had the following interchange with a commenter on Kennesaw State University Men Facebook Group
. It clarifies some important points:
Chris Loving-Life - @Victor Zen:
What is a "non-feminist" and how does that differ from a "chauvinist", and is the end result to combat the "mysogynists"?
Victor Zen - @Chris Loving-Life:
Non-feminists are just those that look at gender issues in an alternative lens. Humanists that don't identity as feminist classify as non-feminists. So as you can tell, it's actually pretty broad. We mention them because they don't have many places to share their views.
But we're against hatred, period. Misogyny, misandry, racism, etc have no place in KSU Men.
Fidelbogen - @Chris Loving-Life:
How does "non-feminist" differ from "chauvinist"?
Look at the words. "Non-feminist" simply means that one is not a feminist.
"Chauvinist" has an entirely different meaning.
Merriam - Webster's online dictionary defines 'Chauvinism" as follows:
" an attitude that the members of your own sex are always better than those of the opposite sex
: the belief that your country, race, etc., is better than any other"
Hence, a "chauvinist" would be one who displays "chauvinism".
So on this basis, if you compare the two terms, there is no reason to suppose that "non-feminist" means the same thing as "chauvinist".
Chris Loving-Life - @Fidelbogen:
I agree. I originally asked this question an effort to better understand what this group represents. As with my other post, this question seeks to better clarify the meaning and purpose of this group in the face of accusations from others, especially on the Internet. I personally believe in Human rights, not just the rights of one gender or/over the other.
Fidelbogen - @Chris Loving-Life:
It is important to remember that "this group" is part of a much larger social trend that is cropping up worldwide - for convenience, call this trend the "non-feminist revolution".
The grist of this non-feminist revolution is that the authority to define feminism itself, is no longer entirely in feminist hands. The decision as to what feminism "IS", can as well be made by those who do not identify as feminist. Such persons are more likely to be honest and objective about the phenomenological reality of the world.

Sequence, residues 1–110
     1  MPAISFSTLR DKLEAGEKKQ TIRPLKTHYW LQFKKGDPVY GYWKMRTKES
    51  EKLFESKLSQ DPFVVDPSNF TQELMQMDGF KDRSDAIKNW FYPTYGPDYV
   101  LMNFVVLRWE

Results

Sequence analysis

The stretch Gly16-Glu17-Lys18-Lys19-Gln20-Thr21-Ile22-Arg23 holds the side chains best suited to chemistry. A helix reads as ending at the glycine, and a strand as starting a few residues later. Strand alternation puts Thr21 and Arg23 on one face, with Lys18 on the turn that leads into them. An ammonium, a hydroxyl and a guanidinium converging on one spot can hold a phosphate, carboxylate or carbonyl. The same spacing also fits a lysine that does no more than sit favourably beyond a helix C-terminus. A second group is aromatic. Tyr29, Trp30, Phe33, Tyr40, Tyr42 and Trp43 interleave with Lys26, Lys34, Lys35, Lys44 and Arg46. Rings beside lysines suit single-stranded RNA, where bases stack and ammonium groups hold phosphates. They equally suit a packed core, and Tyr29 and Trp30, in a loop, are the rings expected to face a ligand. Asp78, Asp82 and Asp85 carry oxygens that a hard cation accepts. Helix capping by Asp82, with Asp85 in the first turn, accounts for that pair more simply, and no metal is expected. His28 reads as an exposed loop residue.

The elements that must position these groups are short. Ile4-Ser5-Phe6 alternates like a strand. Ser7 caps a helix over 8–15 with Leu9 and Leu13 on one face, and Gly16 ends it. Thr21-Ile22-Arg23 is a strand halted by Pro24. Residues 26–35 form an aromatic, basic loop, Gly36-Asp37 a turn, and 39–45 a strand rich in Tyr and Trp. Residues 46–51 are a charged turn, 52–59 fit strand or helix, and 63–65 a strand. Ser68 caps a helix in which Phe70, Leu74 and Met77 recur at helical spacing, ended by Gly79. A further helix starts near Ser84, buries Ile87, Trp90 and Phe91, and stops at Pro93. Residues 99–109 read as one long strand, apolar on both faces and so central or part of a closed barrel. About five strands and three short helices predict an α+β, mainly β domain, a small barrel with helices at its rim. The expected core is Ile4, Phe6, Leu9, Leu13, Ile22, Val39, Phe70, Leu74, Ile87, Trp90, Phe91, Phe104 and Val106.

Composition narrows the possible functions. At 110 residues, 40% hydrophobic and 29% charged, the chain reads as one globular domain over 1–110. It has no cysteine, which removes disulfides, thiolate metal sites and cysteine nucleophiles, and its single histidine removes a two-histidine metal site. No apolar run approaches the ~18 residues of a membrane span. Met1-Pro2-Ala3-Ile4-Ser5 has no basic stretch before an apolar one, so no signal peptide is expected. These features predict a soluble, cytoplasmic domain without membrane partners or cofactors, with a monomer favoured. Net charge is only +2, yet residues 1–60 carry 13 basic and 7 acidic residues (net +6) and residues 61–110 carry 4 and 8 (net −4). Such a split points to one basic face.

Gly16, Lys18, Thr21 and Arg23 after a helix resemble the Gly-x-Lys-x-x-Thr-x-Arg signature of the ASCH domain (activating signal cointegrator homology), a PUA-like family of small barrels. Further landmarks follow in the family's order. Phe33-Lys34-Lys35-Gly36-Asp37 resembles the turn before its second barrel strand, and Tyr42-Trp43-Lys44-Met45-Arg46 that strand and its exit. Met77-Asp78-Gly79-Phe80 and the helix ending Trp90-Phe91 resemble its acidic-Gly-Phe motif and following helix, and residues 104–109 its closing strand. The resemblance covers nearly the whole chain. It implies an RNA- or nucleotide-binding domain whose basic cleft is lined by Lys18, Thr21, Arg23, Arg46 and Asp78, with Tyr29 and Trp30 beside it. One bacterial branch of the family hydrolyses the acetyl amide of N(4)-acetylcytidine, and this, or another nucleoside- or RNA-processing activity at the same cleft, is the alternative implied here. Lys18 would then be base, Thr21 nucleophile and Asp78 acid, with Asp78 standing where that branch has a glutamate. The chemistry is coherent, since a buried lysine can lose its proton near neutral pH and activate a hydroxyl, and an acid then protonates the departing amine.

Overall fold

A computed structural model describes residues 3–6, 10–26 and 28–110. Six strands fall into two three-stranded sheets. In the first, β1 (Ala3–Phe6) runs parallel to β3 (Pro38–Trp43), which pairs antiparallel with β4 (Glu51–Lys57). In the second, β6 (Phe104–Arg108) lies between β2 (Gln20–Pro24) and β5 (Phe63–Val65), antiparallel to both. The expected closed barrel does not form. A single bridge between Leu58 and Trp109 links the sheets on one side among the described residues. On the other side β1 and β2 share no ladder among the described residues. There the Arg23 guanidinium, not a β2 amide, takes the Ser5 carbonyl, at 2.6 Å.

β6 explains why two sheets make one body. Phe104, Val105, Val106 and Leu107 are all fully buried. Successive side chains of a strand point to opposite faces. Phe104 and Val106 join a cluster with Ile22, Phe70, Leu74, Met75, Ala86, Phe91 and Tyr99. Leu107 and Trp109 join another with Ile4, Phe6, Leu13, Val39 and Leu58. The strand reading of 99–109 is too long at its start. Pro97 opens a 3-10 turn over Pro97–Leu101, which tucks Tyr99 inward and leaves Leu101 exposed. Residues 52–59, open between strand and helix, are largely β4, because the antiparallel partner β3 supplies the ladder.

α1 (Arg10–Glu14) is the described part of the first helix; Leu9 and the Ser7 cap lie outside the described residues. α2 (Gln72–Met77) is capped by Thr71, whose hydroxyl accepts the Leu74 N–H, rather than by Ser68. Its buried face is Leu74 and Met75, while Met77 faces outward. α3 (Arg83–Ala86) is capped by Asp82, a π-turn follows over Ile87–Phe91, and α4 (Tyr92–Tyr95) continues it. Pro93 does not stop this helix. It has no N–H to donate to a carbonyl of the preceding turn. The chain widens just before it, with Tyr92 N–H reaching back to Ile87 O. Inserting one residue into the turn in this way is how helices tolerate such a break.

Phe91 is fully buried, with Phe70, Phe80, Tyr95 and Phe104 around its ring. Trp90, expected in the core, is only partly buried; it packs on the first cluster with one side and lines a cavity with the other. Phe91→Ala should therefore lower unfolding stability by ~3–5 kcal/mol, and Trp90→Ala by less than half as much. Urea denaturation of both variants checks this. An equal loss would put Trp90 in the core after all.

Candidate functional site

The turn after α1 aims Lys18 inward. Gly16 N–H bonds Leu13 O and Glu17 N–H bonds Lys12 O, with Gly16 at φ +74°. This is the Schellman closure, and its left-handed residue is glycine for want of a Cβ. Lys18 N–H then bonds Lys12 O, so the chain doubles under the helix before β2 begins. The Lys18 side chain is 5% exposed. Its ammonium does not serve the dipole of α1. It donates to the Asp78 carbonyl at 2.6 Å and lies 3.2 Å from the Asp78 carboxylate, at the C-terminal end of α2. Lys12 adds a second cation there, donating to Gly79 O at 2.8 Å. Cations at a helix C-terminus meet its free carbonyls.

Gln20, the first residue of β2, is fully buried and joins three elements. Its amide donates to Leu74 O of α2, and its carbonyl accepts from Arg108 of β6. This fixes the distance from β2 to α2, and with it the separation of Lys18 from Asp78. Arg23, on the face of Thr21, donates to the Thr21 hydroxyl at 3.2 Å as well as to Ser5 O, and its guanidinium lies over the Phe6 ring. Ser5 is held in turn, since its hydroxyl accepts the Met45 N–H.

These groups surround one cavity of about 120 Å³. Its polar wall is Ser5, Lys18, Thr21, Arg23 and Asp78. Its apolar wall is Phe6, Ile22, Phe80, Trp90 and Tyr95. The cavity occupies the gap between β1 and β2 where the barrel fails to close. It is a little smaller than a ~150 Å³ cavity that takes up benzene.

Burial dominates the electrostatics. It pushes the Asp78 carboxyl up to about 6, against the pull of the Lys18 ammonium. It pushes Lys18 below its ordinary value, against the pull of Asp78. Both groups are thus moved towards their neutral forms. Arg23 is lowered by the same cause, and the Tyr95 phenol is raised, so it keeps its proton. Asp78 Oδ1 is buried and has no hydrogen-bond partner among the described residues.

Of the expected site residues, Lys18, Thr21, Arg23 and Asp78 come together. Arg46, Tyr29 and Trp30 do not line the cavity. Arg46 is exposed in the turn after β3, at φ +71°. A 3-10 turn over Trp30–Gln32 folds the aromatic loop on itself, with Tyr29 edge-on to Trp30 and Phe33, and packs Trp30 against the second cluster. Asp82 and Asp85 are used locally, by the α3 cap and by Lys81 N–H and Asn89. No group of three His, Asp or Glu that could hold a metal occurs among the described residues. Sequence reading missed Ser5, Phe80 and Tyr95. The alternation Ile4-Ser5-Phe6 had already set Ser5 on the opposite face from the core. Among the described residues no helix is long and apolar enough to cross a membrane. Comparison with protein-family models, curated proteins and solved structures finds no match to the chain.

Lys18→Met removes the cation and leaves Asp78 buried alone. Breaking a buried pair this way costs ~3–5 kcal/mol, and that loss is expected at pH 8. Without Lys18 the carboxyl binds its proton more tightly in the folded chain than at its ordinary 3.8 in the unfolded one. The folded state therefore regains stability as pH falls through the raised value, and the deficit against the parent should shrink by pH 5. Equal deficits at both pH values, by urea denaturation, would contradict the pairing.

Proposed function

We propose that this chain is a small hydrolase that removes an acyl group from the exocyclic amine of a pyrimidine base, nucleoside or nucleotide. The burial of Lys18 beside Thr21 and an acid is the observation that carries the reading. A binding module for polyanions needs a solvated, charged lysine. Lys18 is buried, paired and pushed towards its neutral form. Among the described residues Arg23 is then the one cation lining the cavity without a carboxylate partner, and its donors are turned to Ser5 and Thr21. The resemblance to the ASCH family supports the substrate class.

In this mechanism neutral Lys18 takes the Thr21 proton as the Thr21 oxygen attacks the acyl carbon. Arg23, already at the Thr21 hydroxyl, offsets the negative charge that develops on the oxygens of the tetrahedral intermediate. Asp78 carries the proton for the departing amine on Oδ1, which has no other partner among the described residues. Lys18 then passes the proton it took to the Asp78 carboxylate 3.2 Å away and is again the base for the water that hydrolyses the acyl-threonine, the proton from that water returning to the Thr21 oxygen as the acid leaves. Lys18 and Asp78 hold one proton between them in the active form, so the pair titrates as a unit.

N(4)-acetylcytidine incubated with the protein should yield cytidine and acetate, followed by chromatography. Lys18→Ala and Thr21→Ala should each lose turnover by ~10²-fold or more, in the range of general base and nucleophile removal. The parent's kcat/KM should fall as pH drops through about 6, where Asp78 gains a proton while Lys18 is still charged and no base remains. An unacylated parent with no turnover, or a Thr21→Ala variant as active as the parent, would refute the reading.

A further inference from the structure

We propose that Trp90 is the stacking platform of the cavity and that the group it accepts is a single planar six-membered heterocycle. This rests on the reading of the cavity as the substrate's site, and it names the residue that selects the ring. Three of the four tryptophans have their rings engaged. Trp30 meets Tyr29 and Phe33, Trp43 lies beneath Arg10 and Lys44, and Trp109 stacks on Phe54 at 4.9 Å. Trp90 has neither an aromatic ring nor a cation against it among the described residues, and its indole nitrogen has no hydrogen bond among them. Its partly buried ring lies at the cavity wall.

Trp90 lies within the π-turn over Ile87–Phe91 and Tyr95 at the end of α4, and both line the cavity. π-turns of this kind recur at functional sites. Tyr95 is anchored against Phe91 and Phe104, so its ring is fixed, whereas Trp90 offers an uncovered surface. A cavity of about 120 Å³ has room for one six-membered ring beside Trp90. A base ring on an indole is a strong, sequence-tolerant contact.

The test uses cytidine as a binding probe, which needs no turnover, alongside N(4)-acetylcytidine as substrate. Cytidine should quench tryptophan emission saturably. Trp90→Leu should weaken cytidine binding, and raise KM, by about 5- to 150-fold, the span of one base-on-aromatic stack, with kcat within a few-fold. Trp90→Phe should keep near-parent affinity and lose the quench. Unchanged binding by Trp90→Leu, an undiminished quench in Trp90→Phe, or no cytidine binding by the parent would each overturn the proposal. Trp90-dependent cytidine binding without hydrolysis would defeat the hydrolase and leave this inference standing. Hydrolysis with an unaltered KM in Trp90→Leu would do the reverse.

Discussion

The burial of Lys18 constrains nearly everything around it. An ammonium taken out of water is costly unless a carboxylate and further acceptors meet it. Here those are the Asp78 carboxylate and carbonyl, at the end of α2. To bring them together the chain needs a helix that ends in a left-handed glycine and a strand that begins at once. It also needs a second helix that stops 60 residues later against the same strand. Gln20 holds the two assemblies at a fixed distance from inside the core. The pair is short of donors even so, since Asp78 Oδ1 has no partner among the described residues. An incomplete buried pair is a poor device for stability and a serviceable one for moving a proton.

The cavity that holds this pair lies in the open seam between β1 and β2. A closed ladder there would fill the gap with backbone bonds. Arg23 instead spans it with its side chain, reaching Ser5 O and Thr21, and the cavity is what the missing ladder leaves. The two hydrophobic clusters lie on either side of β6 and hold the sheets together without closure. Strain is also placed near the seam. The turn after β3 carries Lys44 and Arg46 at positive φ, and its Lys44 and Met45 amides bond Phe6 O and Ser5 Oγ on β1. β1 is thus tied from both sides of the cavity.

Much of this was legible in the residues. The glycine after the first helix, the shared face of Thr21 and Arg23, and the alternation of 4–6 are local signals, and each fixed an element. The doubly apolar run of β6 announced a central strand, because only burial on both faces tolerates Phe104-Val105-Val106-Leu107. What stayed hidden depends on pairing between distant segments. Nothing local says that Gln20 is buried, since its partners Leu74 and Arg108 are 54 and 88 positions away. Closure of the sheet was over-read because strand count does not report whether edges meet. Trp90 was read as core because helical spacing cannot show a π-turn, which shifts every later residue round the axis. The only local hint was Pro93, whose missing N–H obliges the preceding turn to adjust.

So, to pose the question "how does non-feminist differ from chauvinist" seems to imply a framework of feminist semantics as a starting point. It is as if one had already defined feminism in an authoritative manner, and held all conversants accountable to that standard.
Hence, if one had INITIALLY defined feminism as "the opposite of chauvinism", then it would follow merely by rule that to be "non" feminist would mean that one was a "chauvinist".
Thus, it becomes difficult to take any stand in opposition to feminism, or (critically!), even to take a non-oppostional stand *independent* of feminism, without suffering the imputation of "chauvinism" or some other unsavory thing.
In this manner, feminism *controls the language*, and to a great extent likewise the mind of the masses, when said masses take said language on board without giving it any thought.
So among other things, the non-feminist revolution seeks to regain control of the language such that principled opposition to feminism becomes possible, and in a manner that is unfettered by feminist discourse.